The first is energy-to-matter conversion. Theoretically at least, we should be able to turn energy into matter. So what you'd do is start with something like a ringworld and use the energy that collects to slowly grow into a sphere. This might follow organic patterns more than mechanical - think of a genetically created Startree that collects light with giant leaves (and I mean giant on a planetary scale), and uses that energy to slowly grow itself out until it envelopes it's entire star. You could even make it so perhaps these evolved, and are spreading through the galaxy with seeds.

The other possibility is harnessing the solar wind. This is composed primarily of charged protons and electrons, and with a bit of hand-waving you should be able to start harvesting it and converting that into other materials.

Both of these will likely be quite slow - I'll try and dig up some resources and see what the conversion rates would likely be later - but they would have exponential growth, the more you grow the more you can collect, so the faster you grow. You could even combine the two and do both to grow faster. But there are a couple of other advantages. First, you don't have to go anywhere else, and second, you don't have to mess around with destroying your current solar system to build it.

I don't think a Type II civilization would build a Dyson Sphere because I don't think Dyson Spheres are very practical. Larry Niven explained some of the physics/engineering advantages of a ring over a sphere in Ringworld, so it seems more likely that a Type II would build one of those instead (and Niven had to invoke implausible materials science just to hold the ring together). Of course, if you don't want to actually live on the Dyson sphere, you can have much looser constraints, but you still have the stability problem (active management of the sphere's distance from the star).

The main trick with a ring is that you want to spin it for stability (which helps maintain the shape, but doesn't do anything for the orbit/position relative to the star). A ring perpendicular to the ecliptic would occlude the sun 2x a year, unless you also spun it with the earth (but that would introduce a bunch of forces that you probably don't want to deal with). However, if you can engineer a ring that large, you can probably come up with a way to maintain a moving hole that lets the earth-bound light through.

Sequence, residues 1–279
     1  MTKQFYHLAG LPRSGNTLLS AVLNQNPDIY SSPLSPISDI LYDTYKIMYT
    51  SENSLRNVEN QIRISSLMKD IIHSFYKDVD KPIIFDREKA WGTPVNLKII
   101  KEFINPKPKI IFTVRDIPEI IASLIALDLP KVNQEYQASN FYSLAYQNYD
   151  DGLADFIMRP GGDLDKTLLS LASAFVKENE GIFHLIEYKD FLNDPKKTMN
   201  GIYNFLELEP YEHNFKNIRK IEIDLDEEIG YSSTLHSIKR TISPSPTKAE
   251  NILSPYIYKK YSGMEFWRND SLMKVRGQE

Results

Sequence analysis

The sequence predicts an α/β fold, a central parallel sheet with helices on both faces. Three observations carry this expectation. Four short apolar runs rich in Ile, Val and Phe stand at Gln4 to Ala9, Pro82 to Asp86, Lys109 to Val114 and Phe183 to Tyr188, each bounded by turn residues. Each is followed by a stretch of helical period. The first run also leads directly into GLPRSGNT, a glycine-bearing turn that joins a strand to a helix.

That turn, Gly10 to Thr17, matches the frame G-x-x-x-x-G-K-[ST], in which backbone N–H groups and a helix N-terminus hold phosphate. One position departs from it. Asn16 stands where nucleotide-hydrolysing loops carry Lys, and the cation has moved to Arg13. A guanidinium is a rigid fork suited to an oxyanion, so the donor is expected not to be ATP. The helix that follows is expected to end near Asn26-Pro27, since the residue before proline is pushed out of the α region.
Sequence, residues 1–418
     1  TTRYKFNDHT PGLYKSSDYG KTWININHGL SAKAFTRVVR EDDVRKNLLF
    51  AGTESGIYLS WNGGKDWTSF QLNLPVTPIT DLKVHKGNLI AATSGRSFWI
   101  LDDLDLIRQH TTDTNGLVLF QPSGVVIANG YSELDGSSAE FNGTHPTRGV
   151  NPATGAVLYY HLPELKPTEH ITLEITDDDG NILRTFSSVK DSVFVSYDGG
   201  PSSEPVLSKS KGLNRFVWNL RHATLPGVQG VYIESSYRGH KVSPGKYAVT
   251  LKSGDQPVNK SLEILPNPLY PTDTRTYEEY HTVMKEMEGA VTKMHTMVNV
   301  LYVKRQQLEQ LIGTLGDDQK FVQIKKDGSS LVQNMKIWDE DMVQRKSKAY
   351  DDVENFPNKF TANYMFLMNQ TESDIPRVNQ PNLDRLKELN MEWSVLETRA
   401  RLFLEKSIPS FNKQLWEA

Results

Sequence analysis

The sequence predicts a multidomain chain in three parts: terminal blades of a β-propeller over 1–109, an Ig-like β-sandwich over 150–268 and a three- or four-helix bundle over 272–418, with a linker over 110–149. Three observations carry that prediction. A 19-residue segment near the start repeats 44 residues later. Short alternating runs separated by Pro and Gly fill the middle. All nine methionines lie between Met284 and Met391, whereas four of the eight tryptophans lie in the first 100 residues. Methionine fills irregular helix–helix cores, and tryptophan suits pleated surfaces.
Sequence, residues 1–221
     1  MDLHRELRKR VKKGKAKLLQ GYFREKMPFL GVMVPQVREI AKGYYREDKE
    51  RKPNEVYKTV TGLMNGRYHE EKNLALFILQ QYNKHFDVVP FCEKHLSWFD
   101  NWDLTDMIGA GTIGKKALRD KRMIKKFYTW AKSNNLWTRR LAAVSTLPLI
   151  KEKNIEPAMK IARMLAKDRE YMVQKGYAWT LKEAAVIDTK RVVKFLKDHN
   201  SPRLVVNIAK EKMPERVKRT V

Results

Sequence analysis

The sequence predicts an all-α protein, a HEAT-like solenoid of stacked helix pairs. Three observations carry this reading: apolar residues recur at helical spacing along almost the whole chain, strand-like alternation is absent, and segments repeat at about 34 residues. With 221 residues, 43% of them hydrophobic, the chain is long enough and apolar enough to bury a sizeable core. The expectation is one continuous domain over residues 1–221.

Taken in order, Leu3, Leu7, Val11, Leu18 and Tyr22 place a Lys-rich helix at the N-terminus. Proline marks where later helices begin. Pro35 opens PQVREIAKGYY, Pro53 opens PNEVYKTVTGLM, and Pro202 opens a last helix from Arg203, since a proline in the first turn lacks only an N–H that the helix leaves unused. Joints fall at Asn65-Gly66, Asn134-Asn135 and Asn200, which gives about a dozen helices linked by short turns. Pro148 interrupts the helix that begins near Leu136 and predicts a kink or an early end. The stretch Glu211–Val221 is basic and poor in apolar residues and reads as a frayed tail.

The real question is whether a Type II civ needs to build a Dyson Sphere/Ring. If you build one small and close to the star, for energy only, you need to beam it around to where you want to use it. While the sun is giving you a lot of "free" energy, it seems more plausible that such a civ would prefer to generate the energy more local to the point of use, and would likely be able to harness fusion energy at much smaller than stellar scales. Even a "micro-star" near home planet orbit would probably be more convenient than aiming a giant stellar-energy maser at/near Home.

However, a Dyson Sphere may be constructed not for civilian use, but for military defense. The civ may deem it necessary to focus their entire star's energy to power a "stellar X/gamma-ray cannon" to deter/repel enemy invasions of their solar system. Whether this involves focusing the stellar energy with arrays of mirrors/lenses, or capturing it and converting it directly via a massive laser, the point is that Type II civs must believe that other spacefaring races may one day visit them, with less than peaceful intentions. Being able to blast them out of your solar system with the full power of your star may be considered an essential first step to becoming a credible interstellar civilization.

As others have noted, such a system can very likely be built out of a medium-sized planet or less--surely with the materials we see in most extra-solar planetary systems. And if you care about Home, it should be apparent why you build this device around Home Star and not Elsewhere.

• Dyson spheres are actually more stable than ringworlds - spinning doesn't really help. Dyson spheres are stable with gravity, rings are not - knock them off and they will start falling into the star. A sphere gets knocked out of position and will just sit there. A better design is a bunch of smaller ringworlds in planetary orbits, slightly offset so they get a 50/50 sunlight/dark cycle. – Dan Smolinske Jan 22 '15 at 3:57
• Not sure why you think a sphere is more gravitationally stable than a ring. When the sphere gets off-center, the side closest to the star will feel an increased force. Unless the sphere is extremely rigid, this will at least deform the sphere, and if the star is close enough, will likely cause the sphere to break/collapse. A spinning ring does not need to bear the weight of itself w.r.t. the star (depending on its angular velocity, of course). – Lawnmower Man Feb 21 '15 at 1:47